381st Air Resupply and Communications Wing
AIR RESUPPLY AND COMMUNICATIONS SERVICE (ARCS)
A subcommand of Military Air Transport Service (MATS), it was activated on 23 February 1951. The Idea was to combine several overt and covert intelligence and propaganda missions into a single organization. In April 1951, a somewhat vague mission statement was issued: "provide worldwide air resupply and communications service to all Air Force and other U.S. military activities requesting such service."
In 1951 the 581st ARCW, located at Mountain Home AFB, Idaho was ordered to re-locate to Clark AF, Philippine by July 1952. The wings B-29's rotated and was co-located with the 91st Strategic Reconnaissance Wing at Yakoto AB, Japan. The 581st SA-16 Albatross’s and H-19A's were used to conduct agent operations. In October 1952, a small detachment, of four new H-19A's (51-3883, 51-3884, 51-3885, 51-3886), was sent to Korea to operate under the Fifth United States Air Force for the insertion and retrieval of agents. The four H-19A's were attached to the 2157th Air Rescue Squadron (ARS), at K-16, for maintenance and housing support. Attaching the four H-19A's to the 2157th ARS gave the 581st ARCW cover for their secret activities. The 581st's H-19A's had the secondary mission of air crew recovery.
The first ARCW helicopter pilots had a few adjustments to make, beginning with the fact that when they arrived, on 5 October 1952, in Korea with no helicopters and no idea of the ARCW mission. When the newly arrived pilots contacted Fifth Air Force staff officers about their helicopters and a mission, the initial response was denial that the 581st even existed! It did, of course, and by October 1952 , six pilots, one NCO, 12 airmen fresh from tech school and four factory fresh H-19A's comprised the Helicopter Flight, commanded by Capt. Frank Westerman. Also know to be with the unit was Capt. Joe E. Barrett, Capt. Frank M. Fabijan, 2nd Lt. Robert F. Sullivan, Lawrence (Joe) A. Barrett, Rut Garnett, Don Crabb, Sergeant Jackabowski and A3C Ray Logan, plus others.
For the 3rd Air Rescue Group (ARGp.) the presence of the 581st ARCW helicopters took some adjustments as well. The 3rd ARGp commander objected to the night missions planned for the 581st H-19A's. He expressed his objection to Lt. Col. George Pittman, the 581st ARS commander that "helicopter flying at night was too dangerous". Col. Pittman bluntly reminded him that the 3rd ARGp. was responsible for providing maintenance and living arrangements for the 581st crews. As for the rest of their activities, "It's none of your business, don't worry about what we're doing". The 3rd ARGp. commander ordered the "rescue" markings removed from the 581st's H-19A's. Eventually, the 581st's H-19A's would be, like the 581st's SA-16's, painted black overall.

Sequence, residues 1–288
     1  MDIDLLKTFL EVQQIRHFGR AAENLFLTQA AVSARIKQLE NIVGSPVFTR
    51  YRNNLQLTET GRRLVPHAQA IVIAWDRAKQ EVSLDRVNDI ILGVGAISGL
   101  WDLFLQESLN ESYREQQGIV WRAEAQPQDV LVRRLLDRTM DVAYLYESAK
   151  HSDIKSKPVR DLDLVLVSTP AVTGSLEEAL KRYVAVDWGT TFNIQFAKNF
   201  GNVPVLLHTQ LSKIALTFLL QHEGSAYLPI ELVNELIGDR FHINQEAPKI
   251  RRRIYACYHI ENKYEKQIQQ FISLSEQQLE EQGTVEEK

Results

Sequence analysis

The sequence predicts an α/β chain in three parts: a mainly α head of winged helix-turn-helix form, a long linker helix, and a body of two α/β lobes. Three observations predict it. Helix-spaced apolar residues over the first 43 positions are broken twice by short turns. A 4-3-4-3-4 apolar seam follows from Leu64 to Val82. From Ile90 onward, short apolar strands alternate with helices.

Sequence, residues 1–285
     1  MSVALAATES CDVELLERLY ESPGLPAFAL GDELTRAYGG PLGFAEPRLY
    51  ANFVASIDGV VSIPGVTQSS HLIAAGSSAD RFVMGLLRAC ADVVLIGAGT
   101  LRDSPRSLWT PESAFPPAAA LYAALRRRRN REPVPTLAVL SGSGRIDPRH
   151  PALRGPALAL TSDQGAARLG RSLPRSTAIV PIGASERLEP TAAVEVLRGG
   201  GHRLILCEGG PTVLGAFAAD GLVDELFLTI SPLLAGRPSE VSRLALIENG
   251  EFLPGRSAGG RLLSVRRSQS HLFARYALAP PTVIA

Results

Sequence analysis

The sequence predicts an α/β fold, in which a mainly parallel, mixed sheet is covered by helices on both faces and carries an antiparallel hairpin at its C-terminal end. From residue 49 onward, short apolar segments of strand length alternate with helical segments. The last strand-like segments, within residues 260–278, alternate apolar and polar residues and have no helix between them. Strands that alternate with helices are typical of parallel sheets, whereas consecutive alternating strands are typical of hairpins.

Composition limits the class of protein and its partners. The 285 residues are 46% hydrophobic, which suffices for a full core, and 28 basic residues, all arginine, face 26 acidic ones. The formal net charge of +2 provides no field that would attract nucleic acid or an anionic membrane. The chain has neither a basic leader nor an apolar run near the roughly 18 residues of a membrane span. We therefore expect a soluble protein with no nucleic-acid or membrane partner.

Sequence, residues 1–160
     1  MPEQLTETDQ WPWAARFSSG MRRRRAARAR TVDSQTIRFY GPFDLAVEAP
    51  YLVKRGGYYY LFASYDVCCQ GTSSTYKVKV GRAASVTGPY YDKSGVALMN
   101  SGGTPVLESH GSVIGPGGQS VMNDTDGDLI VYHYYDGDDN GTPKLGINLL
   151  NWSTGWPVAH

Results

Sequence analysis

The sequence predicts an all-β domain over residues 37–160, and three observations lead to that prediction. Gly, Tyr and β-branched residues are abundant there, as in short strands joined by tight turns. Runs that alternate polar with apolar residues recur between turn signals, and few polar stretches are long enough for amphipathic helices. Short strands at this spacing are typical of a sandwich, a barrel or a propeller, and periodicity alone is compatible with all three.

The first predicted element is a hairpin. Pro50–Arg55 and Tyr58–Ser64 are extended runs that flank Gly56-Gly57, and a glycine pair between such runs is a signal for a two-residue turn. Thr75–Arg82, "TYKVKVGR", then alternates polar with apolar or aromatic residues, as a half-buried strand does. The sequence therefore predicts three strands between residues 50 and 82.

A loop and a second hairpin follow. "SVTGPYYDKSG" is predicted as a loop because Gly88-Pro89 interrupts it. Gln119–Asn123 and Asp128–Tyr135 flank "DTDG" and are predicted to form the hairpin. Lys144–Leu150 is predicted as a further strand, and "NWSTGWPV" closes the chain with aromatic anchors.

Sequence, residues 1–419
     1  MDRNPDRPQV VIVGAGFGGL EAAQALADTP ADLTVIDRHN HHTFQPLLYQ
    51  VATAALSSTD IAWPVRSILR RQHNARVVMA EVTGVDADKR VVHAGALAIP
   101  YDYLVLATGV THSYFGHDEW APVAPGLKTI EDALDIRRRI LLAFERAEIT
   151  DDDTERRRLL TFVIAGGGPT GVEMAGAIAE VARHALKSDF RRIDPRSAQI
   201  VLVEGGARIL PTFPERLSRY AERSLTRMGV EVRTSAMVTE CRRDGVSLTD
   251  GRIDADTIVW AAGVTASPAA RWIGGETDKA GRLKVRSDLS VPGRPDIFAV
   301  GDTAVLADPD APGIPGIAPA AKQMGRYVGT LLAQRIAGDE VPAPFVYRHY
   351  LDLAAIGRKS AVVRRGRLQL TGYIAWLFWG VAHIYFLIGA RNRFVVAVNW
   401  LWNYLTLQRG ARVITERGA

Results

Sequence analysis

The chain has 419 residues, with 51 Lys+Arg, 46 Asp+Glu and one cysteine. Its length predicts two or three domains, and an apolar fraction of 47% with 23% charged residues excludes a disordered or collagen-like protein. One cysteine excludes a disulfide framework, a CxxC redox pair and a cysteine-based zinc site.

The 581st Helicopter Flight logged nearly a thousand hours in Korea. This included both the agent mission and air rescue flights to pick up downed pilots, all without a single accident, combat loss, or fatality. They had survived low-level night flying, North Korean ground fire, air-to-air interception, and ambush attempts on the ground.
Lineage. Established as 581st Air Resupply and Communications Wing on 9 Jul 1951. Activated on 23 Jul 1951. Inactivated on 8 Sep 1953.
Assignments. Air Resupply and Communications Service, 23 Jul 1951; Thirteenth Air Force, 18 Jul 1952 08Sep 1953.
Components. Group, 581st 23 Jul 1951 - 8 Sep 1953 (not operational, 17 Apr 1952 - 8 Sep 1953). Squadron, 581st: attached 17 Apr 1952 - 8 Sep 1953.
Stations. Mountain Home AFB, Idaho, 23 Jul 1951 - 26 Jun 1952; Clark AB, Philippines, 18 Jul 1952 - 8 Sep 1953.
Commanders. LtCol Rupert E. Herr, 23 Jul 1951; Col John K. Arnold, Jr., 1 Aug 1951; Maj John F. Zinn, 10 Aug 1951; LtCol George H. Pittman, Jr., 31 Aug 1951; Col John K. Arnold, Jr., 1 Oct 1951; Col Lawrence C. Gilbert, 16 Jan 1952; Col John K. Arnold, Jr., c. 18 Feb 1952; Col Lawrence C. Gilbert, 12 Jan-8 Sep 1953.
Aircraft. C-119, 1951-1953; B-29 1951-1953; SA-16, 1951-1953; H-19, 1952-1953; C-54; C-118, 1952-1953.
Operations. Performed psychological warfare and unconventional operations. Conducted limited operations in French Indo-China in 1953.
Service Streamers. None.
Campaign Streamers. None.
Emblem. On a shield azure, a torch, base argent, flame or flame moving toward the dexter over the flame a quill argent bend sinister all between three links of a chain sable, the center link coupled, with one and one-half links on each side of the torch; on a chief gules two branches of olive, surmounted by a sword in fess, hilt and pommel to the dexter, all or. Motto: Libertas Per Veritatem—Freedom through Truth. (Approved on 12 Jun 1952.)
Ref: "Apollo's Warriors" by: Col. Michael E. Haas, "Twilight Warriors" by: Curtis Peebles & January 1995 issue of the "ARC Light"